Gold’s Rise Could Be Signalling Chaos

Commentary, Economy, Ian Madsen

Gold is a strange commodity. While it has some industrial uses, it mostly ends up in jewelry or money-surrogates such as coins and ingots; the latter often in central bank vaults. Unlike other metals, it accumulates and circulates in the economy and society; it is not sequestered in buildings, vehicles, machinery, instruments, wiring, cables, or devices (except for a small but important portion that goes into electronic products). It also does not respond to the usual economic forces that affect supply and demand for it, and thus, its price.

In the past year, gold’s price, in US dollars, has escalated. According to moneymetals.com, the price per troy ounce (twelve per pound, not sixteen) rose from USD$1,283.10 on January 1st, 2019 to a closing price on December 31st of that year of USD$1,515.60, an increase of 18.1% in just a year. The run has added another hundred dollars or so in this new year.  

Strangely, all major asset classes performed well last year: stocks, bonds, real estate, and commodities (including gold and other precious metals). There is only one economic force that can make that occur: financial easing which lowers interest rates and lavishly augments liquidity in the banking system and financial system in general.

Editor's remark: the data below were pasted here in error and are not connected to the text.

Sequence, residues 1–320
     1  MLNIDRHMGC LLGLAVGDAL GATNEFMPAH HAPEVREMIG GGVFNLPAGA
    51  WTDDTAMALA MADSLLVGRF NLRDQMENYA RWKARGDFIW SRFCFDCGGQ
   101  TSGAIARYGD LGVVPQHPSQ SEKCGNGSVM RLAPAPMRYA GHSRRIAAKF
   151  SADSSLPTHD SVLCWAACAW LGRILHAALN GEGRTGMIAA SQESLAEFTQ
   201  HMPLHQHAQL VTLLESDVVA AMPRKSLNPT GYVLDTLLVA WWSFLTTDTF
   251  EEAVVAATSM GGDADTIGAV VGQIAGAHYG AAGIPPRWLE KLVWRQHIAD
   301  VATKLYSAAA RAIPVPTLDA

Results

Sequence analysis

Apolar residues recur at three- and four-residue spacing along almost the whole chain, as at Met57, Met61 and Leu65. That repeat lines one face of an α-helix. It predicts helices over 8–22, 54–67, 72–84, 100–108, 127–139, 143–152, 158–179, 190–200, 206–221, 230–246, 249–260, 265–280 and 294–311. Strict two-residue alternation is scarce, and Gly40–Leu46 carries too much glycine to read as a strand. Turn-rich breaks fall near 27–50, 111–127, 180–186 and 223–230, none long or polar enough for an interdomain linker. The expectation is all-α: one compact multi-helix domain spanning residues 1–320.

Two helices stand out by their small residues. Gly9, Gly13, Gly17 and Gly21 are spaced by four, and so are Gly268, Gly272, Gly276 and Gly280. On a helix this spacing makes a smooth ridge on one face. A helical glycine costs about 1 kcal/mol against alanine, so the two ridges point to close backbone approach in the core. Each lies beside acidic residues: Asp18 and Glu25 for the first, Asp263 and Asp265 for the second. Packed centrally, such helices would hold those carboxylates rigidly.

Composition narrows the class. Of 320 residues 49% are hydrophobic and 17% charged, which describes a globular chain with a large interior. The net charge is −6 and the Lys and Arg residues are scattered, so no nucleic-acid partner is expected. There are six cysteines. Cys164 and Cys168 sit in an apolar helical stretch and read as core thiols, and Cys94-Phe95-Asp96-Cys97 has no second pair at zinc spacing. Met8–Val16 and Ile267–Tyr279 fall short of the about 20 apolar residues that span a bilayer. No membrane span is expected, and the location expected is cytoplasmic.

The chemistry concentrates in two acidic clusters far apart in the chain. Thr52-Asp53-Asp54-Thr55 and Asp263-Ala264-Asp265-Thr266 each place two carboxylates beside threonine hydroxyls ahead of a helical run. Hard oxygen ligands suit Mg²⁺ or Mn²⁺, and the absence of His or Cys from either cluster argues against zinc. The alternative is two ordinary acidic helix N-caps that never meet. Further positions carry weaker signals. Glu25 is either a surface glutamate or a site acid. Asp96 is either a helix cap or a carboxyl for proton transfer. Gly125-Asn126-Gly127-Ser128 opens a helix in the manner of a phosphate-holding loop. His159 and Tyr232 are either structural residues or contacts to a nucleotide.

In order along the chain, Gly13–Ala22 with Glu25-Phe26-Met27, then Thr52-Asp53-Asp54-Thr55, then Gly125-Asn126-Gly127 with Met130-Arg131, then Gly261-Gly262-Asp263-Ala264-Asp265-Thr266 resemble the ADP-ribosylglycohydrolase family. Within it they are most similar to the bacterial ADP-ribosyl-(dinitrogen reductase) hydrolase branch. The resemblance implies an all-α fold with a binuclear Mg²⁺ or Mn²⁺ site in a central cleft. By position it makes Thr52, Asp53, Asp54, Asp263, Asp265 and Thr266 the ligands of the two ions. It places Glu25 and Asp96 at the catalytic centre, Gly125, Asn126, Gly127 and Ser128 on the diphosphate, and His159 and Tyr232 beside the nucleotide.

That easing has not yet been implemented by central banks such as the Bank of Canada and the Federal Reserve Board of the United States, except for technical purposes in the US (short-term) money markets. It has happened in the bond market as savers, investors, speculators, traders, and hedgers are likely anticipating lower, slower economic growth, increased political uncertainty, and perhaps even a relatively lower US dollar. The reasons for this caution are multifold.

The COVID-19 (novel corona) virus has done major damage to China’s economy. Much of the nation was shut down for weeks. Not only does that mean lower demand for goods and services, which affects the rest of the world, but it means shortages of input goods for many companies around the globe, dampening economic growth further. Tourism to and from China has also suffered.  

The drop in economic activity, goods, and people being transported has also caused a drop in demand for oil used in fuelling planes, trains, trucks, automobiles, buses, and ships and barges. This has amplified an already lower capital investment outlook for oil and gas explorers and producers. Those firms and other industrial companies are ordering, purchasing, and producing fewer vehicles, heavy equipment, and other machinery all of which incorporate metals, particularly steel and copper, in them. 

At about USD$2.60 per pound, copper is down about 10% since May of last year, according to data from the Wall Street Journal. Much of the gold produced is a by-product of copper production. If less copper is produced, less gold will be too. More importantly, if copper remains relatively depressed, copper and gold mining projects will be postponed, and existing mines may be allowed to deplete. So will nickel projects as stainless steel demand declines.  

Precious metals such as platinum and palladium, escalating in price over the past year – which affects gold prices – are produced as by-products along with nickel. Gold buyers may be thinking that this could be a protracted slowdown not just in China, but everywhere. Certainly, growth is dull globally.